First Steps

Okay, so you want to leave your current home and are considering a potential move to Uruguay. Where do you even get started? How do you do it? The following is a list of steps informed by our journey that can help you get an idea of how to plan and execute a move to Uruguay.

  1. The very first step is to dig deep. Know thyself. Visit our why uruguay page and see if it resonates with you.  It’s a big waste of everyone’s time if you don’t know some basic things about your own wants. So, I’d suggest digging deep and putting together a list of basic wants. Of course these wants can be fluid, but take what you know about yourself and exactly what you don’t want now, and think about what would be an adequate replacement. Do you want to be urban, rural, or near/in a small town? Do you want to be near water? Do you want to grow food? What kind of climate do you like? How much money do you have to be able to immigrate to more expensive places? What kinds of social services would you like? What kind of culture? Political system? What kinds of stability? If after you make this list our ‘why uruguay’ list makes sense to you, then start thinking about first steps for moving. Here is an excellent example of someone comparing USA, Costa Rica, Panama, Cayman Islands and Uruguay (http://www.internationalman.com/articles/how-to-discover-your-personal-shangri-la#.UvvcwvldU1Y)
  2. Learn Spanish. There are plenty of expat communities in the world where you don’t need to know the language. This isn’t one of them. And we have made this decision on purpose. We are not an expat community. We are privileged immigrants. We want to be a part of this culture, not to be apart from it in our own little enclave. Now, you don’t have to be an expert, but you do need an intermediate knowledge of Spanish as we will not be able to serve as interpreters for your daily interactions. If you don’t know Spanish now, that’s fine! But either start learning or take advantage of an immersion learning experience on your first visit here. The route Ashley took was to take Spanish levels 1, 2 and 3 in a community college after our first visit when we decided to move here and then to sharpen her Spanish skills on her 2 trips to Uruguay prior to moving. That was enough for her to get by.
  3. Save money. We saved for about 6 years to be able to finally move. You will need start up money for land/home, car/transport, living expenses, setting yourself up (furniture, materials, etc.). We didn’t have very high paying jobs (Ashley was mostly getting paid as a graduate student teaching assistant and Patrick was a high school Spanish teacher) so it took us that many years to get to a comfortable number to feel ready to move. How much? I think it’s safe to have at least tens of thousands saved for a family.
  4. Start working on getting paid online work. Once you start looking into it, you will find a plethora of opportunities for paid online work. The income opportunities in Uruguay are small and very poorly paying. The minimum wage here is less than $5/hour. There are some teaching jobs here (English), but again not well paying. One job that continues to pop up for American English speakers is VIP Kid based in China (you can make abut $20/hour). You could be an online personal assistant. Start searching for remote/online jobs. Ashley has her MA in Sociology so she teaches sociology online and Patrick has his MA in Spanish so he could teach Spanish online (and has applied to a few jobs).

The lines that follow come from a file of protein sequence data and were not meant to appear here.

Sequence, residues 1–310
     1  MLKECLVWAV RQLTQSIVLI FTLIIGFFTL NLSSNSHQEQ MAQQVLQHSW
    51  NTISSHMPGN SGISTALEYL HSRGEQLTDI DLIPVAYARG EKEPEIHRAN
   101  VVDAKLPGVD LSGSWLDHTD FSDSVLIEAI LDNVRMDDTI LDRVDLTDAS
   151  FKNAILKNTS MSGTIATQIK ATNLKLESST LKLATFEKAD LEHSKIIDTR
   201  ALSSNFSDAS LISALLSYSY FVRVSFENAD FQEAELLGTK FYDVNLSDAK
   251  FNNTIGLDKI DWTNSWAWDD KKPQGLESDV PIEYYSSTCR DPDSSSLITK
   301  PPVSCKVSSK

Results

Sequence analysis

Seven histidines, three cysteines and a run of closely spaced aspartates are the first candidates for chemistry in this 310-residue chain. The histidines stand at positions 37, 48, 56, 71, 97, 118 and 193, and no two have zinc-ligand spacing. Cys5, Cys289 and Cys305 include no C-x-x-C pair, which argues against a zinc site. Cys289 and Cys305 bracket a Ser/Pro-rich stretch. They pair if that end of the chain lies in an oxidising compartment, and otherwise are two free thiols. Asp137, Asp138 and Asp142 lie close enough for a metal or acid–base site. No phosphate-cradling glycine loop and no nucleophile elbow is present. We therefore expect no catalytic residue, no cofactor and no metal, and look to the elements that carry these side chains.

5. Come for a visit! After you have saved enough money and know enough Spanish, come visit! I am a frequent visitor to the Uruguay Expat Community on Facebook and when people visit the group and say they’d like to move to Uruguay, everyone always advises (if possible) to come for a long visit (at least a couple weeks) to see if you can navigate it here. There is so much to be learned by being in a place.It is worth noting that the only way to get to know if you can make it work here is by navigating it yourself. We can of course point you to resources (transport, food, banking, real estate), but if you are making a candid effort to move here you have to see if you can keep yourself afloat here. We can’t drive you everywhere and interpret your daily interactions, as we have our own existence with two small kids to manage. When we came the first time we did a work/stay program and only had time to explore on weekends. We spent weekends looking at real estate across the department of Colonia. One day, we walked in the hot, humid sun to find our farm. We walked every night in the dark to get ourselves food. On that trip, we bought our land. See if you have the ability to navigate here yourself. If you can do that on your first trip, then you likely have the wherewithal to immigrate, as it’s not easily done.Find our for yourself: Can you get from the airport to the bus station? Can you navigate travel? Can you understand people? Can you figure out the food, the banking, the culture, the customs? Do you like the climate, the feel of the place? I have a friend Magnus over at Off Grid Living Uruguay who said when he first visited Uruguay fresh off the boat from Buenos Aires, he felt a sudden looseness in his shoulders. According to him, it was the quiet. How do you feel being here? What do you want to accomplish here? Can you imagine a life here and what would it look like?
  6. Once you’ve decided to move, start researching. Figure out what you need to do to immigrate. Get better at Spanish. Continually diversify streams of income (can you buy and rent a property? Can you get multiple online jobs? Can you start an online business?). Then, take the plunge.
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